The condition is likely to occur because the delicate sequence of early developmental steps to form the eye is disrupted in some way. This could be because of changes in genes or through external factors acting on the developmental processes during pregnancy or a combination of the two. Anophthalmia and microphthalmia have been related to some illnesses during pregnancy such as rubella and chicken pox. They have also been linked to some drugs taken during pregnancy, including recreational drugs and thalidomide.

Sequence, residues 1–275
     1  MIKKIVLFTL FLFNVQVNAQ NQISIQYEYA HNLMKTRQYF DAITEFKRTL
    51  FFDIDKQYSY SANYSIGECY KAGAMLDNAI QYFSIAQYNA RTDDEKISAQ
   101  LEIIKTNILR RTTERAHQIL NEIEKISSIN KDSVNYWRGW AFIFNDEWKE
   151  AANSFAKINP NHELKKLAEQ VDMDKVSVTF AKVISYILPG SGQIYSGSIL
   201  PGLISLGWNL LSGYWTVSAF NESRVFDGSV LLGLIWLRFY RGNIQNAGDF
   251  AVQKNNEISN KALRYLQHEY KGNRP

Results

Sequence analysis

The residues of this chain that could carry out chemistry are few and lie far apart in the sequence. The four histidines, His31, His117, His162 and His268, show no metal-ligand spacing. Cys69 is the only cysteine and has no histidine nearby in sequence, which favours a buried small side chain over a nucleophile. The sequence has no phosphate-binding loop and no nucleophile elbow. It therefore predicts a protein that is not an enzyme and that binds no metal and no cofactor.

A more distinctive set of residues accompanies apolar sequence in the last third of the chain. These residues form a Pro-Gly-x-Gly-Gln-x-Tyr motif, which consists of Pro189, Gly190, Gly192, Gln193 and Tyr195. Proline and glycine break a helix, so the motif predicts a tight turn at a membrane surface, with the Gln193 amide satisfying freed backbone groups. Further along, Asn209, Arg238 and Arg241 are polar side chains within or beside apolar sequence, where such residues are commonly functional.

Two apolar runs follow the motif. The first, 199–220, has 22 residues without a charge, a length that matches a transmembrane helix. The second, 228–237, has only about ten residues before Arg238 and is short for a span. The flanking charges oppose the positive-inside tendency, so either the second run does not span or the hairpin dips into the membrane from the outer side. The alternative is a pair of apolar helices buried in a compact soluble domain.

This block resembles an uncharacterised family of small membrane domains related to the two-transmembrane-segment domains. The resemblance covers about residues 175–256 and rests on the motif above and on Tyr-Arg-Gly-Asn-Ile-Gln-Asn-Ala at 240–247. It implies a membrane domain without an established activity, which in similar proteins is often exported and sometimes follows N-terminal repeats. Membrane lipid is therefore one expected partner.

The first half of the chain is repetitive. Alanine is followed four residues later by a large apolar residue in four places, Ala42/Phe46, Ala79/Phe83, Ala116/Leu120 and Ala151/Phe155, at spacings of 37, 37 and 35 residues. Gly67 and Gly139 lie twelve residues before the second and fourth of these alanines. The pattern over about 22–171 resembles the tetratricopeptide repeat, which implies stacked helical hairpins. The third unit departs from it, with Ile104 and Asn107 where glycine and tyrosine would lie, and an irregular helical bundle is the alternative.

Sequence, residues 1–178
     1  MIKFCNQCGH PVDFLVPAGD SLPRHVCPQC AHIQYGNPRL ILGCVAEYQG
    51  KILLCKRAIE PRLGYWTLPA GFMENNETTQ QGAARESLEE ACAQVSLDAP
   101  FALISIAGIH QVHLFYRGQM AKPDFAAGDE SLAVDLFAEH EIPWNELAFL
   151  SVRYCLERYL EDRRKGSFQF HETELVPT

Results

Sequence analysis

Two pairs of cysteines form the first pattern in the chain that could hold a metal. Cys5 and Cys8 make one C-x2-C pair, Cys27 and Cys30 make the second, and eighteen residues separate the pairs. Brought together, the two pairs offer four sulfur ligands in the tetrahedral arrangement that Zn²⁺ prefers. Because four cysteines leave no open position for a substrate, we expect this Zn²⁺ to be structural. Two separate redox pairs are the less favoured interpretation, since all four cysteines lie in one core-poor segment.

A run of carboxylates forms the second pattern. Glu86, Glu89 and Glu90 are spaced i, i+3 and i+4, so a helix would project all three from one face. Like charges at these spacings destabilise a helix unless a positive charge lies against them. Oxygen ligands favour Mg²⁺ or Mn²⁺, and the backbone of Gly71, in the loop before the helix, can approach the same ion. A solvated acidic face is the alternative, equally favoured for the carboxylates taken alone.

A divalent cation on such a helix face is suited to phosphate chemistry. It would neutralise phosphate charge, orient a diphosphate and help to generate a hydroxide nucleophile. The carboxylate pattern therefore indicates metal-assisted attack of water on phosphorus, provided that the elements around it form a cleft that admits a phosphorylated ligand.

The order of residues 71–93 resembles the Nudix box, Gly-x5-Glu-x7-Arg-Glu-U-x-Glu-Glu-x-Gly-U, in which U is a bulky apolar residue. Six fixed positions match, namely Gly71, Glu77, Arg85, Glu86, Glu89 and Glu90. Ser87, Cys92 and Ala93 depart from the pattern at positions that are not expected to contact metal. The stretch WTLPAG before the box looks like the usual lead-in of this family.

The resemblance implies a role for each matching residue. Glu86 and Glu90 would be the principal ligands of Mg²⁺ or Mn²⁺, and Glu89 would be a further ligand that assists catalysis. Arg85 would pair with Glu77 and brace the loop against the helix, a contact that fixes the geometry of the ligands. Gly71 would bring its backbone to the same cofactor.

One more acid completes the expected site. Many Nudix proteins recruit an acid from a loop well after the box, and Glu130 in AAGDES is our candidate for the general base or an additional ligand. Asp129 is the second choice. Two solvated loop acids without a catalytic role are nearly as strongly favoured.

Over the last few years, several genes have been described as important in anophthalmia and microphthalmia. These eye development genes include SOX2, OTX2, BMP4, RX, SHH (sonic hedgehog), CHX10 (also called VSX2), BCOR, BMP7, RAB3GAP, FOXE3, PITX2, FOXC1, MITF, HCCS, CHD7, CRYBA4, GDF6, LRP6, STRA6 and PAX6. Whilst many of these genes have only been described so far in association with a few families worldwide, SOX2 seems to be important in around 10-15 per cent of children with anophthalmia.